In more recent years a thin layer of a polishing material as an integral thin film is adhesively applied to the surface of the tool with the layer being sufficiently thin to follow the surface of the tool. The tool can then be used with a number of different layers of different roughness to provide an initial grinding action followed by a finer polishing action and finally a very fine finishing action.
As the tool must accord directly to the required shape of the rear surface of the lens, it is necessary for a laboratory to carry a very large number of such tools. In view of the complex manufacturing technique for the tools including the initial rough casting followed by the skilled machining necessary, the cost of the inventory of such tools is very high so that only a relatively limited number of laboratories are set up for manufacture of the eye glasses.
In recent years however there has been a move toward the manufacture of eye glasses on a retail site so that the customer can be supplied with eye glasses within a very short period of time for example one hour. However the cost of the necessary tools and the inventory of the tools is very high and seriously detracts from the economics of the on-site manufacturing process. Up till now the manufacture of the tool from a rough cast metal followed by the skilled machining process has been considered to be essential in view of the requirement for the very accurate exact contour of the tool surface and in view of the requirement for vigorous clamping action of the tool to ensure that it is held fixed while the relative movement between the lens and the tool is carried out.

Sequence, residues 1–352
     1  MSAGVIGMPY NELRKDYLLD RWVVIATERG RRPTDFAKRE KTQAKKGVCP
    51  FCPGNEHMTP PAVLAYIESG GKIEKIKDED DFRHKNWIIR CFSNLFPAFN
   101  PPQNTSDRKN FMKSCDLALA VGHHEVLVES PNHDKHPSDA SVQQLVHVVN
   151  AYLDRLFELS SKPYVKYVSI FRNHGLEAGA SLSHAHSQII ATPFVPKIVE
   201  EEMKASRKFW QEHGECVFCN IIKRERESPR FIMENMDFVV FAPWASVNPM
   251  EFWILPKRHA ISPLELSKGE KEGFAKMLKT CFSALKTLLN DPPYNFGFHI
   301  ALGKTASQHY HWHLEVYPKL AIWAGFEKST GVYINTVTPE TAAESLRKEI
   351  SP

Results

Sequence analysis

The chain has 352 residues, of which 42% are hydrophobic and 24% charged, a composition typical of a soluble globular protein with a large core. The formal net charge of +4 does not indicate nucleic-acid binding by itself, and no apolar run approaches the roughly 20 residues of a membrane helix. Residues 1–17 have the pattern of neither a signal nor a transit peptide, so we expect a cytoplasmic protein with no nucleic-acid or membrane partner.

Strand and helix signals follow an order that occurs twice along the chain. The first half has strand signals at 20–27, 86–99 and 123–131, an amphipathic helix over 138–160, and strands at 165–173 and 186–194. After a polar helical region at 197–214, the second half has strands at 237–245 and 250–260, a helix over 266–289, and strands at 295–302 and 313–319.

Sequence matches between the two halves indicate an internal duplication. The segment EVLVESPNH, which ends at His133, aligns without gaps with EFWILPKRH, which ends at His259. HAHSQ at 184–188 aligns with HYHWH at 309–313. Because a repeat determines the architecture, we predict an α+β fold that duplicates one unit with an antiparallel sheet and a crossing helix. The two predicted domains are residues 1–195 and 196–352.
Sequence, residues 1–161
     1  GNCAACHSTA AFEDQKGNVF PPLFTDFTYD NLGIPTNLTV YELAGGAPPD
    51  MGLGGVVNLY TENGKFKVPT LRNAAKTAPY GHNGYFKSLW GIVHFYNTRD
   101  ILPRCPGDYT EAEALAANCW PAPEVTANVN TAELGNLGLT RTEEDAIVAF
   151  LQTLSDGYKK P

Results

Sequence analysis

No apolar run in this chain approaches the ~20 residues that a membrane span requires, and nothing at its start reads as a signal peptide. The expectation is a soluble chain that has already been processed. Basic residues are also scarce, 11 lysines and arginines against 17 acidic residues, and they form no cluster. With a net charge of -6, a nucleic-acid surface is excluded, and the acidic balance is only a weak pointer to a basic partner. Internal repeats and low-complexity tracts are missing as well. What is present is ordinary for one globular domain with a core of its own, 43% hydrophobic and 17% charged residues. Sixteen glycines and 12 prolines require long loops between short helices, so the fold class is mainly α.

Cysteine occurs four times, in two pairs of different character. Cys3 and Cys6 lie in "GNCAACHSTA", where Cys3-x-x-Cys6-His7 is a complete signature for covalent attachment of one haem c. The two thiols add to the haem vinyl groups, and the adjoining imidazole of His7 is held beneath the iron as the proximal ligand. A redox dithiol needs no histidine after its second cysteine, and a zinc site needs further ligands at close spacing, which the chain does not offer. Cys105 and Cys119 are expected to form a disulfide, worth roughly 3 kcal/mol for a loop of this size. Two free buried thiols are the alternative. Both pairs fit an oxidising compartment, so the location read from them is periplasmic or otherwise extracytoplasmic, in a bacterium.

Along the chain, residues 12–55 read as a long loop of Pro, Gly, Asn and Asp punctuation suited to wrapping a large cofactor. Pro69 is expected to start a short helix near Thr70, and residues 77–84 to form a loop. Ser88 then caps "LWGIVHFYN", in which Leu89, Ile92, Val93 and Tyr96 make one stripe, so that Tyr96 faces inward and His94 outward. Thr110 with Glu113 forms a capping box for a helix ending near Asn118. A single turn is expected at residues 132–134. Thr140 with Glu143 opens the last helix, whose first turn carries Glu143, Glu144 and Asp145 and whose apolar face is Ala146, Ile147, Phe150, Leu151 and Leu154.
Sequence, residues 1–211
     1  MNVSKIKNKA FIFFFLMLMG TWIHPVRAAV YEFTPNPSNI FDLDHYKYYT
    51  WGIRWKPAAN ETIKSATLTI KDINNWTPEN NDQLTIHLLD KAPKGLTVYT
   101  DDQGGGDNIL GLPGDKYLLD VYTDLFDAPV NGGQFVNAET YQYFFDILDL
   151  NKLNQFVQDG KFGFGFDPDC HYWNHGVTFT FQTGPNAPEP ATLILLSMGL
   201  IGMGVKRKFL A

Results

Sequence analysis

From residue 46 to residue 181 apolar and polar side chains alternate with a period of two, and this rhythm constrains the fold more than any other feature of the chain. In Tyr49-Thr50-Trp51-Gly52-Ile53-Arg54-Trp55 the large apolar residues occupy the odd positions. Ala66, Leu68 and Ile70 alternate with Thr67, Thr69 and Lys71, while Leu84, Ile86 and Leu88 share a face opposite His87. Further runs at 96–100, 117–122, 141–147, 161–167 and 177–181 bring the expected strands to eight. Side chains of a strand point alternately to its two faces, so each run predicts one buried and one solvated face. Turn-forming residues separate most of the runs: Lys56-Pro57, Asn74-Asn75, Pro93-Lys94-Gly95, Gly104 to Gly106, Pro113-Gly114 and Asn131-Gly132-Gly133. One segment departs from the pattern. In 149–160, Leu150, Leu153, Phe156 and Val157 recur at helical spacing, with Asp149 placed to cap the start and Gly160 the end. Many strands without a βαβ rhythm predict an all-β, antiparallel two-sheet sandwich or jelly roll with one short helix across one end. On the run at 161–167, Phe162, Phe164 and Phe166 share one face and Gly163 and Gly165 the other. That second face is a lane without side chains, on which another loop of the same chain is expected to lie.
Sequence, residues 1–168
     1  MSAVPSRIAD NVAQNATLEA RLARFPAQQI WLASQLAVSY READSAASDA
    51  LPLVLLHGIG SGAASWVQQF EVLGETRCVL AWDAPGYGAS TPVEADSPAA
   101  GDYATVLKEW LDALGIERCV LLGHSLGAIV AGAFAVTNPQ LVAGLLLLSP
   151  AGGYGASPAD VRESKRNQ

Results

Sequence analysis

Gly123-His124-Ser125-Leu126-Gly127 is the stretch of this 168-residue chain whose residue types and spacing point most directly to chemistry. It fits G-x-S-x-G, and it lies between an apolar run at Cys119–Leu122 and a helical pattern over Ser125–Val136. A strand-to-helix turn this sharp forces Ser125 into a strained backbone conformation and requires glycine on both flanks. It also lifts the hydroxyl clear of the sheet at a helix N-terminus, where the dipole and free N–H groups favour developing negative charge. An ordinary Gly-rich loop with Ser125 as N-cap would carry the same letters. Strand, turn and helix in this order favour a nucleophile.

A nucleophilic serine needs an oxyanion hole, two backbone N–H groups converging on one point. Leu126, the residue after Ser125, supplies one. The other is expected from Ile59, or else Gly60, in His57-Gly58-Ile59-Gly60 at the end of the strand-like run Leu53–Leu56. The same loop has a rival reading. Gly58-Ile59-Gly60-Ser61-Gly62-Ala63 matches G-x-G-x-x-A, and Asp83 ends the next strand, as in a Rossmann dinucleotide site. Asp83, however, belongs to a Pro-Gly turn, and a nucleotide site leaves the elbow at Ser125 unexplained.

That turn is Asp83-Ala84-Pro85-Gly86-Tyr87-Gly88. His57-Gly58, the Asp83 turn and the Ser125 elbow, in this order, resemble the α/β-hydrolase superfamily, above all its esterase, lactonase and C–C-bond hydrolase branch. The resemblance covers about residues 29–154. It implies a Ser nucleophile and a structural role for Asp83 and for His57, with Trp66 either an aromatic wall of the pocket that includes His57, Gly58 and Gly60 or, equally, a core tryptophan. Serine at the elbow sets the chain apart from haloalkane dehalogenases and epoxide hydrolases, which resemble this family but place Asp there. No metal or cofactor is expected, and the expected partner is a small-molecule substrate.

It is one object of the present invention, therefore, to provide an improved tool for use in the finishing action of the lens which is less expensive and simpler to manufacture and thus significantly reduces the cost of the inventory of the tools for an eyeglass manufacturing laboratory.
It is further object of the present invention to provide an improved method of forming a lens which provides improved economics to enable lenses to be manufactured at smaller locations or to be manufactured more cheaply.